Afghanistan - Kandahar - A portrait of an Afghan boy
I had been debating for days whether to post something on Afghanistan (in light of our Great Leader’s brilliantly orchestrated ‘outburst’ about Pakistan’s involvement) when Time Magazine produced its most blatantly propogandist cover story for decades. The piece cynically manipulates Jodi Bieber‘s (a friend and ex-collegue from Network Photographers) dignified image of a mutilated woman to suggest that a withdrawl from this illegal, NeoCon war would lead to more barbarity. Presumably similar barbarity to the drone attacks killing countless civilians in both Pakistan and Afghanistan and the illegal, drug-infested, torture-soaked, Karzai government.
Let’s make no mistake here, the excuse that the brave forces of democracy are in South Asia to prevent another 9/11 is entirely spurious. Afghanistan did not attack America. The majority of those that did came from our staunch ally, Saudi Arabia – known for its robust defence of human, especially women’s rights. That a minority of Islamicists may have had bases in Afghanistan is more the result of Indo-Pak (and therefore CIA) intelligence machinations. Afghanistan has been raped and used by every invading army since the British had a go twice in the Nineteenth century. Are we surprised that such actions have spawned amongst the Pashtun tribes a spiteful and extreme Islam? I’m more surprised that it hasn’t been worse. My visits to Afghanistan (starting in 1994 to cover the Siege of Kabul for Der Spiegel) have consistently shown Afghans to be peaceful and kind – not that you’d get that from a whole generation of photographers and writers who have covered this forago ‘embedded’ courtesy of the American Industrial-Military Complex. Surely they are all turban headed (‘rag-heads’ are Iraqis… obviously) women-hating, primitives. Still, if we can’t understand ‘em and they don’t want our democracy, let’s bomb them, eh? Bomb them ‘back to the Stone Age…’.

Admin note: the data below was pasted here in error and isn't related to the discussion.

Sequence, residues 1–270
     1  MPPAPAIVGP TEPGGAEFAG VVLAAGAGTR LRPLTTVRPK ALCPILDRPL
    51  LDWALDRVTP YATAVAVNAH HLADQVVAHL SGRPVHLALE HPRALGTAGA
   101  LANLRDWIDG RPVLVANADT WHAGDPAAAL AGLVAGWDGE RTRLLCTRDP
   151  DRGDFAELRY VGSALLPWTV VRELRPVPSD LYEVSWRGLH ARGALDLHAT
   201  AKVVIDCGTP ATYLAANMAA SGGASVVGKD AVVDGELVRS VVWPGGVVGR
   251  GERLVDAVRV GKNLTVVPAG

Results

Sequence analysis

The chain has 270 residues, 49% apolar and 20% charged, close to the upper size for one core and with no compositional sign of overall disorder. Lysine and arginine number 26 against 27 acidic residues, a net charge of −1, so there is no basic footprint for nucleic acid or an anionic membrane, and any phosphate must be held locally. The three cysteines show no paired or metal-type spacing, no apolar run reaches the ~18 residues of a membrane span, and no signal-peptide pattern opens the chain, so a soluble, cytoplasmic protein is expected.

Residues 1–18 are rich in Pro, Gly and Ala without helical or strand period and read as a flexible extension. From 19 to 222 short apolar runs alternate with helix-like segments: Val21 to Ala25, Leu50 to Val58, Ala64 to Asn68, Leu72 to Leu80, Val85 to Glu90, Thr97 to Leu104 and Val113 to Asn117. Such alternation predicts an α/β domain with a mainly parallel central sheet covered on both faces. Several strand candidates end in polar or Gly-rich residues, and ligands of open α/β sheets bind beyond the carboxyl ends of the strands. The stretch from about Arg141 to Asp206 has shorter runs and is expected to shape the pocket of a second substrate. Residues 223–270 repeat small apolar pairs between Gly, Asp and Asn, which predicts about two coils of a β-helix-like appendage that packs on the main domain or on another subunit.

According to Matthew Hob, the former US Marine who resigned his post as Political Officer in 2009, “The Pashtun insurgency, which is composed of multiple, seemingly infinite, local groups, is fed by what is perceived by the Pashtun people as a continued and sustained assault, going back centuries, on Pashtun land, culture, traditions and religion by internal and external enemies … I have observed that the bulk of the insurgency fights not for the white banner of the Taliban, but rather against the presence of foreign soldiers and taxes imposed by an unrepresentative government in Kabul.”
This campaign is lost as is the Mirage of the Good War.